Editor’s Note: This article appeared on tuscon.com on Sept. 7 as part of a series written by the Arizona Daily Star as part of a series written by columnist Greg Hansen counting down the top teams in University of Arizona history. It is used with permission of Hansen and the Arizona Daily Star. The article is available here.
Thrilling win over ASU set stage for Wildcats' 1976 College World Series title
By Greg Hansen
Arizona Daily Star
Arizona State was without question the nation’s most dominant college baseball team in 1976. The most feared team, too.
The Sun Devils went 6-0 against Arizona in the regular season. They led the NCAA in home runs. They went 17-1 to win the WAC. They were ranked No. 1 the final two months of the regular season.
More impressively, the ’76 Sun Devils had 13 players who reached the major leagues, including impact players like Bob Horner, Ken Landreaux, Floyd Bannister and Ken Phelps. (Horner is an inaugural member of the College Baseball Hall of Fame from 2006 and Bannister was inducted two years later in 2008).
Yet it was Arizona that won the national championship.
"It’s like a death in the family," said ASU coach and 2007 College Baseball Hall of Fame inductee Jim Brock after losing to the Wildcats at the College World Series in Omaha.
The Sun Devils actually extended their 1976 winning streak against Arizona to 7-0 when they beat the Wildcats in the opening game of the College World Series, 7-6, thanks to a dramatic comeback in the ninth inning.
But when the bitter rivals met in a loser-goes-home elimination game a week later, Arizona broke through and won 5-1, after which UA All-American catcher Ron Hassey said: "We got the last laugh. That’s what counts. They are the guys going home. We’re staying."
ASU won 65 games in 1976, then an NCAA record. Arizona won 56, but it wasn’t a matter of "how many" as much as it was "when and where."
It was the first national championship in UA history, the first of what has become four College World Series baseball championships at Arizona. And it was not just the most dramatic but the most appreciated.
Arizona had been so overshadowed by ASU in 1976 that not enough attention was paid to the UA’s strengths.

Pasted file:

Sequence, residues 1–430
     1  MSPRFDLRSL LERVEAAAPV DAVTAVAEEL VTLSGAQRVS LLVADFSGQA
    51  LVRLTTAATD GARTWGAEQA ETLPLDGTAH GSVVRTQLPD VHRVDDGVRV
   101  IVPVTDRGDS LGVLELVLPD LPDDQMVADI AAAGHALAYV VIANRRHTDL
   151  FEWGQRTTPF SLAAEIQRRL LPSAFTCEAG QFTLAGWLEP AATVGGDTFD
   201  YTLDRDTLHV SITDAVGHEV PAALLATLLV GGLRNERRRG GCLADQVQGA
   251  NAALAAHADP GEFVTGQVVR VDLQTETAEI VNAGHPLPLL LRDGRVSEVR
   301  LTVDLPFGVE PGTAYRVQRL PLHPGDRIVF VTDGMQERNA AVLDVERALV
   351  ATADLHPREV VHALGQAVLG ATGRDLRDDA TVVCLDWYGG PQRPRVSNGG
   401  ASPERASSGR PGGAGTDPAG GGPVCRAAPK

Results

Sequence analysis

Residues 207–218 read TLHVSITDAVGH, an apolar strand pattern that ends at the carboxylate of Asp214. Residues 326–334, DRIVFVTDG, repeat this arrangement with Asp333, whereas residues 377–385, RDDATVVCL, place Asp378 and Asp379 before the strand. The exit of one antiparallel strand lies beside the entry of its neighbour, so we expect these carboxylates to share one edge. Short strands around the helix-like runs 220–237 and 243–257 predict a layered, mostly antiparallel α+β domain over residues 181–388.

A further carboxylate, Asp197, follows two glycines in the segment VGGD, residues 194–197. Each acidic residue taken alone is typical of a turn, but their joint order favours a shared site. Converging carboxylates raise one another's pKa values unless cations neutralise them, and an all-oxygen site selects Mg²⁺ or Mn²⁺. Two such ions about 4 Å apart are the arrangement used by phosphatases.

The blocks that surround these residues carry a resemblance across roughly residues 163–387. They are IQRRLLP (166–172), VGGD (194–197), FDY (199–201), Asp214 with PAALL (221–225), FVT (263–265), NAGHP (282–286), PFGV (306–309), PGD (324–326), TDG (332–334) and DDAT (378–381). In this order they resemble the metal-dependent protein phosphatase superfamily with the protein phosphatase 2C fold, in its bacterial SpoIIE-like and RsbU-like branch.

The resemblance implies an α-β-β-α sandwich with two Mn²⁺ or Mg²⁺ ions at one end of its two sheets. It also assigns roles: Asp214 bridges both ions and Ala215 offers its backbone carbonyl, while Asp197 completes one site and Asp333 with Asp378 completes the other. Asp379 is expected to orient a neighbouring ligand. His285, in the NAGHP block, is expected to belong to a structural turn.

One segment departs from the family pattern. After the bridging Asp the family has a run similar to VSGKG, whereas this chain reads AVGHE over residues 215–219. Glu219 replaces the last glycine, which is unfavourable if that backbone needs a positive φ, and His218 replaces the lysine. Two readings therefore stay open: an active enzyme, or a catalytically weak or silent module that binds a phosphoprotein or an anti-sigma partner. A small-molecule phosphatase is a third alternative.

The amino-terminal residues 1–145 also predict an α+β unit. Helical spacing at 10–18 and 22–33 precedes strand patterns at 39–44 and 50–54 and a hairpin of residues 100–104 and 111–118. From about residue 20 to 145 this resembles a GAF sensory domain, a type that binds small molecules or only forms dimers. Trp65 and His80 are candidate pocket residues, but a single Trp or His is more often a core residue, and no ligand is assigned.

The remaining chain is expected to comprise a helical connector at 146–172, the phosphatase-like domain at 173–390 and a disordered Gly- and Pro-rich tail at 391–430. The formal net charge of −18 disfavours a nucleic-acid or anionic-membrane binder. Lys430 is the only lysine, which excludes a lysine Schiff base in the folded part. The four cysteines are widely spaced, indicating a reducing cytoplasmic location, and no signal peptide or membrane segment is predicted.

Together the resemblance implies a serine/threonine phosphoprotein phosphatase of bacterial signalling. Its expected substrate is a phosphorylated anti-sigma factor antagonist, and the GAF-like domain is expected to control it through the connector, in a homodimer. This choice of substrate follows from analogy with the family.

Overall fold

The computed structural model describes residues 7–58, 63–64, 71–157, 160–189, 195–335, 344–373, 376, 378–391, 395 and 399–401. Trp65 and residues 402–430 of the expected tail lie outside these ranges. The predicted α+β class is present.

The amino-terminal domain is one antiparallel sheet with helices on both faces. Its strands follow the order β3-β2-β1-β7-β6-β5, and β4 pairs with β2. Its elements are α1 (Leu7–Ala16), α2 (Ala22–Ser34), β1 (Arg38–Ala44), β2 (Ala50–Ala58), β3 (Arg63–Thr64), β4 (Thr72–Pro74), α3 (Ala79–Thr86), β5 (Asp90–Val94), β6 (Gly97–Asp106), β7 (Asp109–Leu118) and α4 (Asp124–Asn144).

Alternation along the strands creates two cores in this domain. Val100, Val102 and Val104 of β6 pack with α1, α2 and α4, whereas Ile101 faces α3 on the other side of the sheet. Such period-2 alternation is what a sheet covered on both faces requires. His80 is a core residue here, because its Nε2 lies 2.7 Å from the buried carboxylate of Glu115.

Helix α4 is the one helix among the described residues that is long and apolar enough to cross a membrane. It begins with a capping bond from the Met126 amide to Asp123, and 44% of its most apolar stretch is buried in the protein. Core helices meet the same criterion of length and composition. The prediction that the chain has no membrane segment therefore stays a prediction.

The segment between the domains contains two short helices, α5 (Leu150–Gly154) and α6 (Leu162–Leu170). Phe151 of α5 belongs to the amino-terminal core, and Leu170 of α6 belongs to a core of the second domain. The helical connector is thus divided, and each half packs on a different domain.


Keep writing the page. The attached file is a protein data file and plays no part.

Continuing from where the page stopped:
All-American outfielder Dave Stegman hit .425 with a still-standing school record 91 runs scored and 111 hits. Hassey, of Tucson High, set a school record with 84 RBIs. The Wildcats scored 588 runs, which remains No. 4 in school history.
Pitching? The Wildcats were loaded. Craig Gioia went 15-5. Steve Powers went 12-4. Bob Chaulk was 11-2. Powers was such a talented combo player — pitching and hitting — that he was named the College World Series MVP, hitting .364 in Omaha and beating ASU with a complete game to send the heartbroken Sun Devils home before the championship game.
"There’s a great deal of satisfaction in beating ASU," said Arizona coach and 2007 College Baseball Hall of Fame inductee Jerry Kindall, who had been 8-17 against the Sun Devils in his early UA coaching career. "You can’t deny it and I don’t want to hide it."
The championship game was Arizona vs. Eastern Michigan, of all teams. EMU had future MLB Cy Young Award-winning pitcher Bob Welch and pitcher Bob Owchinko, a second-round draft pick who played 10 years in the big leagues. Welch started the title game and was relieved by Owchinko.
It didn’t matter. Arizona rolled, 7-1, which was accurately predicted by ASU’s Brock, who had said "there’s no doubt Arizona will win that game."
As it turned out, Arizona and ASU, teams from the mid-level WAC, were college baseball’s two best teams of 1976.
Arizona was talented top to bottom.
Leadoff hitter Don Zimmerman hit .364. First basemen Al Lopez of Tucson High and Ken Bolek, who shared the position, combined for 21 home runs. Shortstop Glenn Wendt and second baseman Les Pearsey both hit better than .300. Throw in the All-Americans, Hassey and Stegman, and Arizona didn’t have a light touch in its lineup.
When Kindall retired, I sat in his office and asked him to reflect on his national championship teams.
"None of them were flukes," he said. "The ’76 team kept getting better and better as the season went on and overcame one of the best ASU teams I ever saw. I’m not saying it was the best team I ever coached, but they overcame the biggest obstacle. I’ll always treasure that week in Omaha."